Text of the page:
Today, the UK is widely considered to be at the forefront of digital payments. Mohamed Dabo reports on a Bank of England (BoE) review of current initiatives aimed at boosting the payment sector beyond Covid-19
British government and regulators are taking forward a series of actions that will further support competition and innovation in the payments sector.
These initiatives serve to create a more competitive market, increasing the range of payment options available to both customers and businesses, and driving down the costs of paying digitally for consumers.
The government action is also designed to make it cheaper and easier for new, innovative firms to provide alternative digital payment methods.
In a recent discussion paper, the BoE describes some existing initiatives in the UK that will contribute to improvements across the payment landscape.
Open Banking and PSD2
Open Banking and PSD2 require banks and other payment service providers to share customer financial transactional data with authorised third parties in a standardised way (i.e., through APIs), with customer consent.
This is designed to increase competition in the banking sector and enable third parties to innovate and create new financial products.
Furthermore, customers can authorise these third parties to automatically initiate payments on their behalf.
A good example of innovation enabled by these directives is the emergence of financial aggregators (which allow customers to view their account information from different providers through a single interface, making it easier for customers to compare products from different providers).
The Bank, as operator of the sterling Real-Time Gross Settlement (RTGS) service, is seeking to promote innovation in payments by expanding access to settlement in central bank money and through renewing RTGS.
This could reduce the cost of on‑boarding as a direct participant in domestic payment systems.
In 2017 the Bank announced that Electronic Money Issuers (EMIs) and payment institutions authorised by the FCA could start applying for RTGS settlement accounts.
The service will offer a range of new features and capabilities for payments and settlements between financial institutions. The vision is to develop an RTGS service which is fit for the future.
The first major milestone will be the move to ISO 20022 messaging in 2022, followed by the transition to a new core ledger in 2023.
Balance Sheet Access Review
The Bank’s response to the ‘Future of Finance’ report committed to ‘consult in 2020 on the appropriate level of access to the Bank’s payments infrastructure and balance sheet, including necessary safeguards’.
The focus is on whether, and how, to give non‑bank payments service providers (NBPSPs) the ability to hold deposits at the Bank overnight.
It is critical that access supports fully the stability and resilience of the system while also allowing innovation in payments.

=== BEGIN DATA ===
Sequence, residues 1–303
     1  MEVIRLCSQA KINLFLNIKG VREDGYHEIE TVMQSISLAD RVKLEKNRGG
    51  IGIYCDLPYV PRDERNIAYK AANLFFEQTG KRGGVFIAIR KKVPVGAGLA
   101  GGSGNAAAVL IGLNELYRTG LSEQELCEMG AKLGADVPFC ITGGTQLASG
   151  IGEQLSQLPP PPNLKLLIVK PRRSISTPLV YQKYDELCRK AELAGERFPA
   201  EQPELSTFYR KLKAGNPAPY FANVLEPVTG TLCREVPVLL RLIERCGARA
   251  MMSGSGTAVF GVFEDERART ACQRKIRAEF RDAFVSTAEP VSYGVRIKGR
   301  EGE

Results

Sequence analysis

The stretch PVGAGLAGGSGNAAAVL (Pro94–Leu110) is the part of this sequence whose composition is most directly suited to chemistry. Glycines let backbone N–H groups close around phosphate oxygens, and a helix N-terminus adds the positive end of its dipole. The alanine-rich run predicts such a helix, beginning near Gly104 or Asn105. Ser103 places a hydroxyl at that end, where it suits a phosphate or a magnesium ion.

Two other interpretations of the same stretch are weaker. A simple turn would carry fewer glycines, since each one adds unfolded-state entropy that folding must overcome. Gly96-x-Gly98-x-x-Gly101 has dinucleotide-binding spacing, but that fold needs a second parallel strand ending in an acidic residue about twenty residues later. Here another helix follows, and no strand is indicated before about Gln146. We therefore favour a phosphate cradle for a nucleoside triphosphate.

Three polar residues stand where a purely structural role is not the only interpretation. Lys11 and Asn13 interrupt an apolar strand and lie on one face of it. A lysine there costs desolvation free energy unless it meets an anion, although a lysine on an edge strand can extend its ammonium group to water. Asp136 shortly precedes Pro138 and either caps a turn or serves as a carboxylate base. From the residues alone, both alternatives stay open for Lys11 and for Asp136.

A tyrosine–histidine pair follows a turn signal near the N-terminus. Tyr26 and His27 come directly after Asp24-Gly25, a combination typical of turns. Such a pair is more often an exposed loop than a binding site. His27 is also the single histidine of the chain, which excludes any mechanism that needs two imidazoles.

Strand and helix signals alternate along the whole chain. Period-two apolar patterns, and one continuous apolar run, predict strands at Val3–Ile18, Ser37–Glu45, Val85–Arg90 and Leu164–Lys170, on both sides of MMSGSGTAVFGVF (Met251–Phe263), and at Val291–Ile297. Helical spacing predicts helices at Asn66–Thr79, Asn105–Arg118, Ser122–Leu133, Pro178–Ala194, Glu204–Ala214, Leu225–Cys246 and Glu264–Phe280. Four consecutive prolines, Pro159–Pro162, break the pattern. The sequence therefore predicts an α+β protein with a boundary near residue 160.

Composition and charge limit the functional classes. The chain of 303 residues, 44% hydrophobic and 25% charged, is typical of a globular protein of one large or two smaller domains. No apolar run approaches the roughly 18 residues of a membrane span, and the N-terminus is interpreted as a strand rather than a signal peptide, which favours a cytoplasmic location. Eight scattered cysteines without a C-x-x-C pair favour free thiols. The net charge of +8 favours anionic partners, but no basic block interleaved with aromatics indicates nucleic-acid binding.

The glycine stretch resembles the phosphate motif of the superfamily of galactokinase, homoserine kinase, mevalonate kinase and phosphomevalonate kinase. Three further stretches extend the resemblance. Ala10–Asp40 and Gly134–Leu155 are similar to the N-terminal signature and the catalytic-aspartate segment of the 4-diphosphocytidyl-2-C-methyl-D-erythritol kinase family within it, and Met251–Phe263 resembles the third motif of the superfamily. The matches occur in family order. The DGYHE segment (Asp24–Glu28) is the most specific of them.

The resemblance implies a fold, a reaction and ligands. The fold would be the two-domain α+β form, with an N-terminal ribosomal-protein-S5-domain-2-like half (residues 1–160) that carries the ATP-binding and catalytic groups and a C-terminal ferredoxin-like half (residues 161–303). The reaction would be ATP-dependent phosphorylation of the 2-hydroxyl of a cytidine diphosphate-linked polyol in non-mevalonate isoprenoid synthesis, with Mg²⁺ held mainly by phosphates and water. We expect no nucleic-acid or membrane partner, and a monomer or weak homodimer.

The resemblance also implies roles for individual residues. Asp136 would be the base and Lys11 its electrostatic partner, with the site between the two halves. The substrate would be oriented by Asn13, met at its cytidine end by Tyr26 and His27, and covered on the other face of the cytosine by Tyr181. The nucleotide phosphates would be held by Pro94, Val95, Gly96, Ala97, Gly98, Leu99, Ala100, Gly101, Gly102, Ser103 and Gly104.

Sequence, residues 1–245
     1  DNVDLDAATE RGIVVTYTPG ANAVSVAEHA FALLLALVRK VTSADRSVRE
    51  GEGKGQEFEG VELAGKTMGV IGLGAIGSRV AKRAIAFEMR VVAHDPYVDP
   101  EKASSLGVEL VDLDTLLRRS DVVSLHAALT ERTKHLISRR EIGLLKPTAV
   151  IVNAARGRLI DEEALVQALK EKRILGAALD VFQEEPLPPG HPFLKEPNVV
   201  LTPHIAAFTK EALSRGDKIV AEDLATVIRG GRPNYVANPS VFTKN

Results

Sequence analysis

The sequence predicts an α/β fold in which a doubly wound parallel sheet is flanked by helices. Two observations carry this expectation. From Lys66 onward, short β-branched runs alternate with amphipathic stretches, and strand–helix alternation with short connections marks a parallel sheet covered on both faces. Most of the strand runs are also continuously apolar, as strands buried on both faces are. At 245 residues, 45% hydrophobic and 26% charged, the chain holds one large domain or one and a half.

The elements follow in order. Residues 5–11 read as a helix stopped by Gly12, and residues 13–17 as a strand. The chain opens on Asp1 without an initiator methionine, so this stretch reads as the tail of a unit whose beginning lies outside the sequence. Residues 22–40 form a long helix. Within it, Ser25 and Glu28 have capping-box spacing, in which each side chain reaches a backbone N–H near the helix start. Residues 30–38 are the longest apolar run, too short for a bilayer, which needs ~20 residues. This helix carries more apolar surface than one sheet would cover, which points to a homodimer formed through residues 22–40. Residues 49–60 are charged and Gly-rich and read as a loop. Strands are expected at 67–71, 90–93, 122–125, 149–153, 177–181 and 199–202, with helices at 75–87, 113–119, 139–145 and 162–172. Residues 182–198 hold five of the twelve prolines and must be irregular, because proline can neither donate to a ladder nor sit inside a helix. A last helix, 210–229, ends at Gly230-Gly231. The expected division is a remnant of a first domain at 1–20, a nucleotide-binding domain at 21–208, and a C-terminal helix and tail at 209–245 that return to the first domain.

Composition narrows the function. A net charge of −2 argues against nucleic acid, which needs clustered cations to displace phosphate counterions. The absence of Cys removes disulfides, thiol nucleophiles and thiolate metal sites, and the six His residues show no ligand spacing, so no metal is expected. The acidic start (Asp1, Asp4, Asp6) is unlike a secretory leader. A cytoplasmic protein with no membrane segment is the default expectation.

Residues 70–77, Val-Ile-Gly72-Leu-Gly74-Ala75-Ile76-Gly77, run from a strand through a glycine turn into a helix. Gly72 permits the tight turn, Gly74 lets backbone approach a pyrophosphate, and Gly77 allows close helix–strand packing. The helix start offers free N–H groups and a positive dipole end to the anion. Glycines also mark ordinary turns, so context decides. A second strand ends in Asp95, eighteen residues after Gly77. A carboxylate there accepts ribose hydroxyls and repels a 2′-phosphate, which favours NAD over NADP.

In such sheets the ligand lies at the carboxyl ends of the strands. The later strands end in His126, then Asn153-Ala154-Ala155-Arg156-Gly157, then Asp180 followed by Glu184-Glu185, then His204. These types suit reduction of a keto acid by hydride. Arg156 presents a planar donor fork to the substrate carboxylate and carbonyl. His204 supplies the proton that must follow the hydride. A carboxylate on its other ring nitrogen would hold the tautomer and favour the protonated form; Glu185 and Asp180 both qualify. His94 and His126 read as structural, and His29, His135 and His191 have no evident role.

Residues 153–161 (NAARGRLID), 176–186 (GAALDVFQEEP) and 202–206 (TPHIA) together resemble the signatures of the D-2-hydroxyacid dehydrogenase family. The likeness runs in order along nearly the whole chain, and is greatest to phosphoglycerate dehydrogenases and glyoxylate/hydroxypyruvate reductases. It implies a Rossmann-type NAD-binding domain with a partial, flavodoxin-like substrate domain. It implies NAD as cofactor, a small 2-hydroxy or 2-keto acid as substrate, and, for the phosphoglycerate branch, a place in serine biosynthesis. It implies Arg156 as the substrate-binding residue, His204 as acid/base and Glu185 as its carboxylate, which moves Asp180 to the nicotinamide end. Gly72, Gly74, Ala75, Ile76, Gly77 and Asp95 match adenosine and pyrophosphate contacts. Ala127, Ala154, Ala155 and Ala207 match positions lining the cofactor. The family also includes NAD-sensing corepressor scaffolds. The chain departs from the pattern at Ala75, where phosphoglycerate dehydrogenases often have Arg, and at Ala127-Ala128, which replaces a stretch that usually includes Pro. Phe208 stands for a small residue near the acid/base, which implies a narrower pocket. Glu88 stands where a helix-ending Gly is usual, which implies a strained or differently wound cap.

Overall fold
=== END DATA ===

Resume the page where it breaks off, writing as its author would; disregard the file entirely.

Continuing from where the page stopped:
Pay.UK’s New Payments Architecture
In 2018 the operators of the main UK retail payment schemes — Bacs, FPS and Cheques — were consolidated into Pay.UK.
Pay.UK are now developing the ‘New Payments Architecture’ (NPA) that will replace the existing interbank retail payment systems. The aim is to develop world‑leading infrastructure that supports instant settlement.
This will end multiple‑day clearing cycles (in Bacs and cheque clearing) and ensuring fast and resilient 24/7 clearing.
The goal is to establish a system that is easy to access, easy to upgrade and innovate on.
The system will be able to provide new capabilities that payment service providers (including banks) can exploit for their customers’ benefit.
Successful delivery of the NPA will provide a highly resilient and instant payment system for interbank payments.
HMT Payments Review
At Mansion House the Chancellor announced a Treasury‑led review of the payments landscape that brings together policymakers and regulators to ensure that regulation and infrastructure keeps pace with new payment models.
The review aims to investigate what the UK needs to do to remove barriers and support a more resilient and innovative payments system with more diversity of payments methods.
This includes the methods available to make payments and the services and systems that facilitate this.
The objectives include action to explore if amendments are needed to ‘future‑proof’ the regulatory approach for changes in the payments landscape.
A few years ago, the government, the Bank of England and the Royal Mint recently embarked on a programme of currency modernisation. This was to ensure that the currency is secure and robust against counterfeiting.
The new polymer £5 note was launched in September 2016 and the legal tender status of the old £5 note was withdrawn in May 2017.
This was followed with the launch of the new £1 coin in March 2017, with the withdrawal of legal tender status of the old £1 coin in October 2017.
The polymer £10 note was launched in September 2017 and legal tender status for the old note was withdrawn in March 2018.
The new polymer £20 note was launched in 2020.